JAMAICA – During the week of July 22nd, a team of USDA Forest Service Specialists traveled to Jamaica to collaborate with a local non-governmental organization, Caribbean Coastal Area Management Foundation on a fire management plan and to provide recommendations related to wildfire prevention in preparation for the next fire season. The team included Karen Curtiss, fire management specialist, Central Oregon Fire Management Service; Deschutes and Ochoco national forests; Prineville BLM and Mark Rapp, retired incident commander, Central Oregon Type II Incident Management Team.
C-CAM, established in 1997, promotes costal conservation in Jamaica. Its mission is to promote sustainable development of the Portland Bight Protected Area, which is located on the southern coast of Jamaica and composed primarily dry limestone forests with a smaller portion composed of wetlands with mangroves. The area is of high ecological and biological importance, providing habitat to many endemic species as well as 20 threatened species.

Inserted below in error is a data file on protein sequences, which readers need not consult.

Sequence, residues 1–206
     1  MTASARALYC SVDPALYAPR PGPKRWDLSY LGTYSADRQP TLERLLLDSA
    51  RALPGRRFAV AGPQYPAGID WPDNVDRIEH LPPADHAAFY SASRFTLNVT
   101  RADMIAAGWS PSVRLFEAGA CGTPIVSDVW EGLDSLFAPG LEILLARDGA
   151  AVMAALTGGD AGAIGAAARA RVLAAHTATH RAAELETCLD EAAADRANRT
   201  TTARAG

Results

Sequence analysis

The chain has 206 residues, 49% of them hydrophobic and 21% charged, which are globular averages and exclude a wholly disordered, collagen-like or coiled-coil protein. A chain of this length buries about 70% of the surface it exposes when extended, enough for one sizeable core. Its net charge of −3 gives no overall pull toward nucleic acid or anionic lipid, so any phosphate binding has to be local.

Due to the hot-dry climate of the PBPA, there are frequent wildland fires during the dry seasons from December through April and from June through July. In 2018, drought, followed by hurricane damage, followed by another drought, left the region particularly susceptible to wildland fires. The PBPA is expected to continue facing increased risk of wildland fires as drought conditions become more frequent.
A major aspect of the USDA Forest Service’s collaborative efforts in Jamaica is to improve the nation’s capacity to prevent and manage disasters, including wildland fires. Over the past two years the USDA Forest Service, in collaboration with the US Agency for International Development, has provided several wildland fire trainings in Jamaica, many of which are focused on fire investigation. The Jamaica Fire Brigade now has 19 Qualified Wildland Fire Investigators, six of whom have been identified as JFB Wildland Fire Investigator Instructors. The JFB and C-CAM plan to work collaboratively to identify the cause and origin of fires in the PBPA so that future wildland fire prevention efforts can be as effective as possible.